The city of Hamburg bets on geothermal for district heating plans

Date: 27 May 2019

The local utility in the city of Hamburg, Hamburg Energie wants to expand its district heating system with Northern Germany’s largest project for geothermal energy, if it receives necessary federal funding.

A major project by local utility Hamburg Energie aims to make Wilhelmsburg a pioneer of urban heat supply, as reported Die Welt. The subsidiary of Hamburg Wasser intends to expand its district heating system around the energy bunker in Wilhelmsburg with a geothermal plant and a large aquifer storage facility. Potentially, Northern Germany’s largest project for geothermal energy.

The prerequisite for this is that the Federal Ministry of Economics and Technology is supporting the EUR 80 million project in the series of so-called real laboratories for the energy transition, said Michael Prinz, Managing Director of Hamburg Energie, WELT: “We have a unique opportunity in Wilhelmsburg, up to 70,000 inhabitants, both in the existing building as well as in the future new building, to supply heat from a decentralized, fully integrated producer park and at the same time unlock the door for geothermal energy in northern Germany. ”

Hamburg Energie has applied for one of the first four real laboratories, which the Federal Ministry of Economics wants to launch nationwide, in order to promote the energy transition. More than a quarter of the investment could take over the federal government, if the project in Wilhelmsburg is awarded the contract. “Through the real laboratory, we would like to get start-up financing for our geothermal project, where there are additional costs due to the initial realization,” said Prinz. “In operation, the project would later be self-supporting for 40 years without further funding.”

The Energiebunker emerged from the International Building Exhibition (IBA), which Hamburg had realized from 2006 to 2013. The former flak bunker was converted into a combined cycle power plant for the generation and storage of electricity and local heat. On the facade, solar power and solar heat systems are installed, and in the interior, above all, a large hot water storage tank and a combined heat and power plant that combines electricity and heat.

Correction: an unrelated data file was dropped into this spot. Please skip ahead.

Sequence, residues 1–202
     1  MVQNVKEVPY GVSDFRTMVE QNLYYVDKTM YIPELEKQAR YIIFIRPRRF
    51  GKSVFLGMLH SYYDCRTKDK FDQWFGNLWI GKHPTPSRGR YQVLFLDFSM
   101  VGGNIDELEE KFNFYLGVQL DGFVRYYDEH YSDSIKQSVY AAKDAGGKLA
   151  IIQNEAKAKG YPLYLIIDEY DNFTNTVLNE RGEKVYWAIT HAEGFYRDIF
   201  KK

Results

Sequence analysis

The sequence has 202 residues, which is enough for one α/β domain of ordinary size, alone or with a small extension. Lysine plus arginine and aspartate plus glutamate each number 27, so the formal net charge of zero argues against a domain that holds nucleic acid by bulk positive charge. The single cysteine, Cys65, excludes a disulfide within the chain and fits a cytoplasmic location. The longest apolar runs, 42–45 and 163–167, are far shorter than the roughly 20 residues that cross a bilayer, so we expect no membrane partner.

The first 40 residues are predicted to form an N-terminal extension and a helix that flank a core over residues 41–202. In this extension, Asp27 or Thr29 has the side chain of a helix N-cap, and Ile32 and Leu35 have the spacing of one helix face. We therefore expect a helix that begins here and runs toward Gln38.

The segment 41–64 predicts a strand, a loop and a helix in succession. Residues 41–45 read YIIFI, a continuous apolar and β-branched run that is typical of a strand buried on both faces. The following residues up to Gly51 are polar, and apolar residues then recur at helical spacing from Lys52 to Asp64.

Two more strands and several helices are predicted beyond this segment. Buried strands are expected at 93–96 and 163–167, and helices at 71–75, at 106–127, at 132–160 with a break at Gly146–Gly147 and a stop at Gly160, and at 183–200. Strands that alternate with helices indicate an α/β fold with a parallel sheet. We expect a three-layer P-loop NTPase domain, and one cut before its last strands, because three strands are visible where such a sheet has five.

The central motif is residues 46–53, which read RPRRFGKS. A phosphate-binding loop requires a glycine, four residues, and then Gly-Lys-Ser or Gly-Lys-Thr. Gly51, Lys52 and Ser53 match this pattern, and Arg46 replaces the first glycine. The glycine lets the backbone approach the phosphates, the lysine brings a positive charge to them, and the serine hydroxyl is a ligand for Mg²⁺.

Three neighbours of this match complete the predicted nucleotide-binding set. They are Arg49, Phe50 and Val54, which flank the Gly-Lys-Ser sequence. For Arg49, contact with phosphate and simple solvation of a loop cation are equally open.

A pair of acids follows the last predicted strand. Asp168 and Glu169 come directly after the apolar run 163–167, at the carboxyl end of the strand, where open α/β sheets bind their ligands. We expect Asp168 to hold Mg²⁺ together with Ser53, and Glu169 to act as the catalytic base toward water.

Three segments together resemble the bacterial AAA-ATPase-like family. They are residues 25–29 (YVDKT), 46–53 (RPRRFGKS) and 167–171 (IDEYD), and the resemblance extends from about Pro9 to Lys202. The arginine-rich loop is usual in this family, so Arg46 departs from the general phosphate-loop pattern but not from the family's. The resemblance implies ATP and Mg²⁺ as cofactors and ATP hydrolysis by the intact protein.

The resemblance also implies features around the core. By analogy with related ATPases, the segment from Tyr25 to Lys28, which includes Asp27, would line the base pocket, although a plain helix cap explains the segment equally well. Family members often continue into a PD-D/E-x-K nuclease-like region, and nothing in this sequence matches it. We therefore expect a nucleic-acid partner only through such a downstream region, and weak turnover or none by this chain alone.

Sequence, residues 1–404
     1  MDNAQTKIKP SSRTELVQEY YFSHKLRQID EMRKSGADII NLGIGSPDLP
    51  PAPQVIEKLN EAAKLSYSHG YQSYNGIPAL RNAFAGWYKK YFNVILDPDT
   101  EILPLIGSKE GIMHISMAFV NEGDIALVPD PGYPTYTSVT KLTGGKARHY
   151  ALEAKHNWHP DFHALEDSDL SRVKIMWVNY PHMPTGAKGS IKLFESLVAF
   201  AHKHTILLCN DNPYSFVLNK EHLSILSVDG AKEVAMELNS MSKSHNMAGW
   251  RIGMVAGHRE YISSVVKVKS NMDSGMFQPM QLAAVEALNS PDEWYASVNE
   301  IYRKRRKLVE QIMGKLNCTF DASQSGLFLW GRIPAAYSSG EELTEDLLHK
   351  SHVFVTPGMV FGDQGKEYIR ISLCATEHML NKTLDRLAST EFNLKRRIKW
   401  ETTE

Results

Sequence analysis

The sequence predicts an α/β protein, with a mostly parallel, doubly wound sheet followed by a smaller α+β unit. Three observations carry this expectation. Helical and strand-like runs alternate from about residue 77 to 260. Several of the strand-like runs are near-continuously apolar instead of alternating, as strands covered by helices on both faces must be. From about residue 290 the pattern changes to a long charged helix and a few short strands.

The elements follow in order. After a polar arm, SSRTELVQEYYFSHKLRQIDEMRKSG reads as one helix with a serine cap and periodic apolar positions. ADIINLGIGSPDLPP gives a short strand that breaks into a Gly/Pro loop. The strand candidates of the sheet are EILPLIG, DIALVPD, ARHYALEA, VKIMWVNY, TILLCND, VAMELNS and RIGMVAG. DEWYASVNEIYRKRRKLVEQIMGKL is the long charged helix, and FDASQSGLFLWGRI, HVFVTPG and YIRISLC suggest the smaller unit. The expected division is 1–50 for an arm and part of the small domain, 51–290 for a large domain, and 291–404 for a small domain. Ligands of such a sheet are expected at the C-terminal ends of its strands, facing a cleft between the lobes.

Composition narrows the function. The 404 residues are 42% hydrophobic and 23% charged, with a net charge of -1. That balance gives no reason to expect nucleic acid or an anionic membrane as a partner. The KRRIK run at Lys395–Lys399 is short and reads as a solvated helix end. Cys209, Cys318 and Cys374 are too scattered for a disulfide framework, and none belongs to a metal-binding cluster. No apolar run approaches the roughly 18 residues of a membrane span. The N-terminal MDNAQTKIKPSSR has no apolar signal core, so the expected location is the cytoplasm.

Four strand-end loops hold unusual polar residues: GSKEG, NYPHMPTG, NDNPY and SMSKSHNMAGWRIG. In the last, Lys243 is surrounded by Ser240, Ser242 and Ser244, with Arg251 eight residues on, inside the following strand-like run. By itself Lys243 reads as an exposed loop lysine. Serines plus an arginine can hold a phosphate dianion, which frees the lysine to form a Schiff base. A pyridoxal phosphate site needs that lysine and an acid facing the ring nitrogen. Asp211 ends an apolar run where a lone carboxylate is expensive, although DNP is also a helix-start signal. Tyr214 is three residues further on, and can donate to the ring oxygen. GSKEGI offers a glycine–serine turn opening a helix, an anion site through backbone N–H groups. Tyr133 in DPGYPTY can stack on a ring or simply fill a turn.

7,500 square meters would be for the planned drilling site
After the IBA, Hamburg Energie commercialized the energy bunker in order to put the heat and electricity supply in Wilhelmsburg on an ecologically sustainable basis. “The district heating network of the energy bunker currently has about 1700 apartments and additional commercial space,” says Joel Schrage, head of the heating network at Hamburg Energie. “We are in full competition with all other energy sources. We are an open district heating network and can also absorb heat from third parties, such as waste heat from industry or solar thermal heat from the roofs. ”

Until now, the Nordische Ölwerke in Wilhelmsburg have been feeding waste heat into the grid. Clients of the heating network include very different customers: “In the insular location of Wilhelmsburg, we can combine all energy sources for heat supply,” says Michael Prinz, “but we also have a completely inhomogeneous structure of energy consumers, from private households, commercial customers and industry to schools or cultural centers. ”

Hamburg Energie has been working on the geothermal project for ten years. “Geothermal energy with energy sources at great depths has great potential, not only in southern Germany, but especially in Northern Germany,” says Thomas-Tim Sävecke, Head of Production at Hamburg Energie. “With our drilling at 3500 meters depth, we want to use geothermal heat of 130 degrees directly without a heat pump. In the course of the real laboratory, we also want to build an aquifer storage facility with over 20 gigawatt storage capacity, with an injection capacity of eight megawatts and an extraction capacity of five to six megawatts. ”

A plot of land in Wilhelmsburg is planned for the geothermal plant. “The planned drilling site is on the edge of Wilhelmsburger island. We need about 7,500 square meters for the construction site, “says Sävecke. “We can start implementing the geothermal project in Wilhelmsburg in 2020 and realize it by 2023. It would be the largest of its kind in Northern Germany to date and a true real laboratory. “Other geothermal projects, including those in Hamburg, were waiting for Hamburg Energie to realize its plant:” In this respect, we have the pioneering project in our hands. ”